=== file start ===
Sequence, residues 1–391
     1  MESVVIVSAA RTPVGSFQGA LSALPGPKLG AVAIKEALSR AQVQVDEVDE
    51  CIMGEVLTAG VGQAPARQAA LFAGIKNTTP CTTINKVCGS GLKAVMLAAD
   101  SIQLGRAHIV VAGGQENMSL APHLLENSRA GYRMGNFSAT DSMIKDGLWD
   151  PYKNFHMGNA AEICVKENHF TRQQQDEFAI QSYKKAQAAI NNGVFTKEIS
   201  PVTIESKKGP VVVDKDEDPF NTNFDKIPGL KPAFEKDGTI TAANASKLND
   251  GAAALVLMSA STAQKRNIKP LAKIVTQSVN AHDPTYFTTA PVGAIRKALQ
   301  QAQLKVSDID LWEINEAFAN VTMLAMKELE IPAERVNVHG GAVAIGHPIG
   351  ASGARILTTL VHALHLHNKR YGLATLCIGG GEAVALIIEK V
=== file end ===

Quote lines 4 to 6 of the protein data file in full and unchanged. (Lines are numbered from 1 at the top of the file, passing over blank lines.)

   101  SIQLGRAHIV VAGGQENMSL APHLLENSRA GYRMGNFSAT DSMIKDGLWD
   151  PYKNFHMGNA AEICVKENHF TRQQQDEFAI QSYKKAQAAI NNGVFTKEIS
   201  PVTIESKKGP VVVDKDEDPF NTNFDKIPGL KPAFEKDGTI TAANASKLND